If the dismal second half of 2015 made it seem like a year of missed opportunities for the airfreight world, 2016 may end up being remembered as the year of second chances. Already we have seen the revival of the courtship of TNT by FedEx after the romance with UPS fizzled. Now we have the merger of Danish logistics firm DSV and U.S.-based UTi Worldwide, after a failed attempt in 2014.
DSV is a company that tends to grow through acquisition, and it had long been interested in expanding its footprint into the U.S. market. But many observers in the industry couldn’t quite see the attraction, given UTi’s long-simmering financial problems. Some balked at the US$1.35 billion price tag, at $7.10 per share.
In the months since the DSV/UTi deal was finalized, Air Cargo World reached out to DSV’s CEO, Jens Bjørn Andersen, to find out how the deal was progressing and how it has changed the landscape for logistics in both Europe and the U.S., and what he thought of the critics who said he overpaid.
How has the UTi acquisition changed DSV’s strategy for handling air cargo?
Mergers and acquisitions [M&A] is an integral part of DSV’s growth strategy, and our network has been established through a number of large and small acquisitions over the last 15 years. With this merger we will significantly strengthen our global freight forwarding network, both in terms of volume and geographical footprint. Our strategy in the market does not change – and right now we must do all we can to ensure that we maintain a good service towards the clients in the integration phase. Going forward we will operate in the market under the DSV brand and we wish to continue to serve a good mix of small and mid-sized clients along with larger global accounts. Especially with the large accounts UTi has some strong capabilities which will strengthen us going forward.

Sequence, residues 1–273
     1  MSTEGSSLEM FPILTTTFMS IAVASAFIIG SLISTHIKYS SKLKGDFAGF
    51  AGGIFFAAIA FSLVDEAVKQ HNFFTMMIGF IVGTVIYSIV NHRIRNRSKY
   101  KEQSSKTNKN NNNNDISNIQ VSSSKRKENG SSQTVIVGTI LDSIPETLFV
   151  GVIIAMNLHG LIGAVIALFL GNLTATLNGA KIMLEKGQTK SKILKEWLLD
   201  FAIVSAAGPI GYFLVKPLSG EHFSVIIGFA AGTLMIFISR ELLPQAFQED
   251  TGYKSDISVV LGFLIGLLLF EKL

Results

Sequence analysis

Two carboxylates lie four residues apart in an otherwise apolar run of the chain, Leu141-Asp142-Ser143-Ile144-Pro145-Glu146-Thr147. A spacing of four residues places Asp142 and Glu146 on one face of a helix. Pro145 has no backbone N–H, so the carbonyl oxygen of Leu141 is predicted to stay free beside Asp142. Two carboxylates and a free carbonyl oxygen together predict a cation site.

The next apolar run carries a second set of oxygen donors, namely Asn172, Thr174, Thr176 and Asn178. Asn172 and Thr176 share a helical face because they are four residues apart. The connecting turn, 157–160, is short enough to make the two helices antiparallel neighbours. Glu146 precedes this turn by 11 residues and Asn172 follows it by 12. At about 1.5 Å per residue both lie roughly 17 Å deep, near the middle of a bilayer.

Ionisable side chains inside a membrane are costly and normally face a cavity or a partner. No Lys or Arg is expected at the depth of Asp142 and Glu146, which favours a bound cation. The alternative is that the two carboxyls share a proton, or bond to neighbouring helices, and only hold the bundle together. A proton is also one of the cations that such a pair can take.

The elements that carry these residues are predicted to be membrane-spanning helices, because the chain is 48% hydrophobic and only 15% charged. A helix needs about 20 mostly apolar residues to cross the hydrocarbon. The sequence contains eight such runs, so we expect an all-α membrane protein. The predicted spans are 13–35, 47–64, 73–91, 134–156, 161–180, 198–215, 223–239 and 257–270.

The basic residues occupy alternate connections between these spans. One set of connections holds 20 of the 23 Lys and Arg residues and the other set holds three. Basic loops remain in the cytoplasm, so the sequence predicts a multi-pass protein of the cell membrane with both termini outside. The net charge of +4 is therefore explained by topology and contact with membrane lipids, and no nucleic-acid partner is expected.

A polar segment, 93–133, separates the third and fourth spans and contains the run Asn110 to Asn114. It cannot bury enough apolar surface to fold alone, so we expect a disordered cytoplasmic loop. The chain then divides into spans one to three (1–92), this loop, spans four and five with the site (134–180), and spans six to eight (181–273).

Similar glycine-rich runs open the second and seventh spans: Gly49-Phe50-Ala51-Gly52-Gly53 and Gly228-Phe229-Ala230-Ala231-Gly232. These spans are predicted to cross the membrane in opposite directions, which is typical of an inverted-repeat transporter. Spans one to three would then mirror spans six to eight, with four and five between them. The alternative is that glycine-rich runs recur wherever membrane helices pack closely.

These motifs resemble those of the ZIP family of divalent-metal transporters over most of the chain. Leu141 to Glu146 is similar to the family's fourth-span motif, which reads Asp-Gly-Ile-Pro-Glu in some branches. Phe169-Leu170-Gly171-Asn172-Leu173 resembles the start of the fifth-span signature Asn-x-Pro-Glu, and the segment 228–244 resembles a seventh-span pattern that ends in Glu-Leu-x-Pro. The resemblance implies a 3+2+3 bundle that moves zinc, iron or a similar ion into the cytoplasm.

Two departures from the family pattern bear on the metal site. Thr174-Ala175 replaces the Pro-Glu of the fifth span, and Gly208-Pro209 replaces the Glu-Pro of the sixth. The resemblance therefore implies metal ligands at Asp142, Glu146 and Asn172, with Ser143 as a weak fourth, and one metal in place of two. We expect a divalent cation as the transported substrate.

What was the main rationale for the merger?
Consolidation in the transport and logistics business is generally a good idea, because of the achieved advantages through economies of scale, stronger network, greater buying power, etc. This merger doubles our size in airfreight, bringing the combined volumes above 600,000 tonnes. Historically, DSV has always had the strongest foothold in Europe, and less exposure to other parts of the world with greater potential for growth. The acquisition and merger with UTi offered a great and complimentary match in terms of business areas and geography. We expect to harvest most of the synergies by merging the two global freight forwarding – or Air & Sea, as we call it in DSV – networks. UTi and DSV have overlaps in a number of cities and we can consolidate offices and IT systems. Furthermore we can benefit from combining administrative and back-office functions.
This is the second time DSV had attempted a purchase of UTi. Why was this attempt successful compared to the failed bid a year before?
At the time, the business case, based on asking price, was not attractive to DSV. However UTi remained an attractive match for DSV and during 2015 the valuation of UTi changed and we decided to approach the company again. And this time the process was successful.
Some critics said DSV had paid too much for UTi, which had been struggling for some time. How does DSV justify the final price it paid ?
We believe that we paid a fair price for UTi Worldwide. And we firmly believe that we can integrate UTi’s activities and turn the combined business around to the profit margins DSV had before this merger.
What are your future plans in terms of M&A within the 3PL market?
At the moment, and for some time to come, we will be concentrating on the integration with UTi. We expect that the integration will take two to three years. M&A remains an important part of DSV’s growth strategy, but it is unlikely that we will be looking for a new M&A opportunity right now.
2015, overall, was a relatively stagnant year for air cargo. Do you expect 2016 to be more of the same, or will better times be coming?
We have not given a specific outlook for the air cargo market for 2016, but we expect that global trade will grow in line underlying GDP-growth in the coming years. So we are looking at low single-digit growth rates. Regionally we expect that Europe and US markets will see the lowest growth and emerging markets higher. This means that the days of a “GDP multiplier” in global trade most likely are over. Outsourcing of production to low-cost countries used to drive growth in both air cargo and containerized ocean cargo, but this outsourcing has peaked. Having said this, we believe that the air cargo markets still hold a number of possibilities for the shippers and for freight forwarders. Supply chains are more complex than ever and efficient airfreight solutions are an essential part of this.Like This Post